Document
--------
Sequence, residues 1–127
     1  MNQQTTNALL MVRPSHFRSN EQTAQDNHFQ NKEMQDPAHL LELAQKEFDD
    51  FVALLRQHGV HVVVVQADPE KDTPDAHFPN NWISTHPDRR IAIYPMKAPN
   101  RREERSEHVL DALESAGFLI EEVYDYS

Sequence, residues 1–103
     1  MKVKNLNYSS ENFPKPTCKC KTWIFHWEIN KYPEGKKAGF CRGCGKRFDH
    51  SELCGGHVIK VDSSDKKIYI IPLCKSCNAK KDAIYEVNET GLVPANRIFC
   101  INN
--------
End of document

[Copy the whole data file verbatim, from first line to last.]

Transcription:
Sequence, residues 1–127
     1  MNQQTTNALL MVRPSHFRSN EQTAQDNHFQ NKEMQDPAHL LELAQKEFDD
    51  FVALLRQHGV HVVVVQADPE KDTPDAHFPN NWISTHPDRR IAIYPMKAPN
   101  RREERSEHVL DALESAGFLI EEVYDYS

Sequence, residues 1–103
     1  MKVKNLNYSS ENFPKPTCKC KTWIFHWEIN KYPEGKKAGF CRGCGKRFDH
    51  SELCGGHVIK VDSSDKKIYI IPLCKSCNAK KDAIYEVNET GLVPANRIFC
   101  INN